US Mission Iraq/INL: Sexing-up Them “Engagement” Numbers in Iraq?

Here is part of the SIGIR report that talks about the number of meetings (on the Iraqi side) and engagements (on the US Embassy Iraq/INL side) during the first three month period of 2012.

In late December 2011, Principal Deputy Minister of Interior al-Asadi ordered the formation of a committee within the MOI to coordinate with INL and manage MOI’s involvement with the PDP [Police Development Program]. The committee reported that MOI officials held 80 meetings with INL advisors from January 1 to April 1, 2012. (INL reported that it held 517 engagements with MOI personnel during the same three-month period.) In addition, the MOI committee noted that it had rejected 55 meeting requests by INL during the first three months of 2012. The committee characterized 52 meetings with INL as “beneficial,” 21 as “semi-beneficial,” 1 as “non-beneficial,” and did not assess the other 6. The MOI committee also concluded.

Let’s just say that there are no weekends at US Mission Iraq.

517 engagements
÷  90 days
—————————
=  5.744444 engagements a day for a three-month duration

Given that no one can just pick up and go in Iraq, and that it is deemed unsafe to travel without any security details over there, how does five meetings/engagements a day from just one part of US Mission Iraq even works?

What are included in these 517 engagements — meetings via emails? Appointments by telephones? Pigeon posts?  Two cans and a string? What counts?

Unfortunately, the SIGIR report did not explain what the meaning of “engagement” really is from the INL perspective. Or how many resulted in face-to-face or face-to-screen-meetings.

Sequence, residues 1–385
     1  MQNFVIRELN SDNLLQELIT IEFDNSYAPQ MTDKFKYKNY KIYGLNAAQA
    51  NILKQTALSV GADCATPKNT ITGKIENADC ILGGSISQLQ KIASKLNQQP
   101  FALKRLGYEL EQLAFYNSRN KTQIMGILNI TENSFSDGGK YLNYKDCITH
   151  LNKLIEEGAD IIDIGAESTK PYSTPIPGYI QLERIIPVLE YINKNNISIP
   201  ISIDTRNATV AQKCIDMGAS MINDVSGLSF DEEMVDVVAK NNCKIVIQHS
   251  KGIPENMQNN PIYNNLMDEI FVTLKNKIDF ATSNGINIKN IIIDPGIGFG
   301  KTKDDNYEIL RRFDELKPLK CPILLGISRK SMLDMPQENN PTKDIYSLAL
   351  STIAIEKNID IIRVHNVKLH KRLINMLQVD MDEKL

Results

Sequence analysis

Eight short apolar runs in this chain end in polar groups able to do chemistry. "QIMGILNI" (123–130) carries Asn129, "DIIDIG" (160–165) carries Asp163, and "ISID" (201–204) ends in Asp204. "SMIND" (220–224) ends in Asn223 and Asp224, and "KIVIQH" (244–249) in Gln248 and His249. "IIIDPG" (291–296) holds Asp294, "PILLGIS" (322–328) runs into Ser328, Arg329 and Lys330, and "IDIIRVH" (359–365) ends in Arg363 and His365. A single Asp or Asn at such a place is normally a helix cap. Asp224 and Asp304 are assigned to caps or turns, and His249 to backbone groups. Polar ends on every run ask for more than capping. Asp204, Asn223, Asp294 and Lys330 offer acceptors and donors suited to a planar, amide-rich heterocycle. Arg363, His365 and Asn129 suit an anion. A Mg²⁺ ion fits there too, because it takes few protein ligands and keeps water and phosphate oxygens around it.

Well, whatever it is, the 517 “engagements” did not seem to help much.

According to SIGIR, as of July 2012, the number of INL in-country advisors was reduced to 36: 18 in Baghdad and 18 in Erbil, down from the 85 advisors supporting the program in January 2012.

Of course, in the glass is full perspective, one could argue that without that 517 “engagements”, the number of in-country advisors could have been down from 85 advisors to 6 or zero. The fact that we’re left with 36 should be considered a programmatic success or something.

SIGIR’s analysis of DoS’s FY 2013 budget request, however, shows that the Police Development Program support costs would go up to 94% of program funding and the per advisor costs would double to about $4.2 million per year.

In short, 36 advisors will still cost US taxpayers $151.2 million a year.

Before you get mad, just remember that we already have a $204.8 million savings from the 49 advisors who were cut off from the program.

This monopoly game is addicting and so exciting! Can we please buy a new school in my district with that money?

Domani Spero

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If State Dept Is Not Cancelling Iraqi Police Training Program, Why Is Its Contractor Packing Up?

Last week, NYT reported that the U.S. May Scrap Costly Efforts to Train Iraqi Police.  We blogged about it in State Dept May Dump Multi-Billion Dollar Iraqi Police Program; Noooooooo! Not So Says Embassy Baghdad.

During the Daily Press Briefing of May 14, the State Department Spokesperson clarified that “we have no intention to cancel our police training program in Iraq,” and told reporters that the department “had considerable difficulties with that story.”

If that is so, how come it has not requested a retraction of this NYT story? But more to the point, why it its contractor handling the police training program in Iraq, packing up?

Assistant Secretary of State for the U.S. Bureau of International Narcotics and Law Enforcement Affairs, former Ambassador William R. Brownfield visits with Iraqi Ministry of Interior officials at the Baghdad Police College forensics lab to discuss the future training of Iraqi police forces. 03.16.2011
Photo by Spc. Breeanna Dubuke (via dvidshub.net)

Here is the back and forth during the DPB: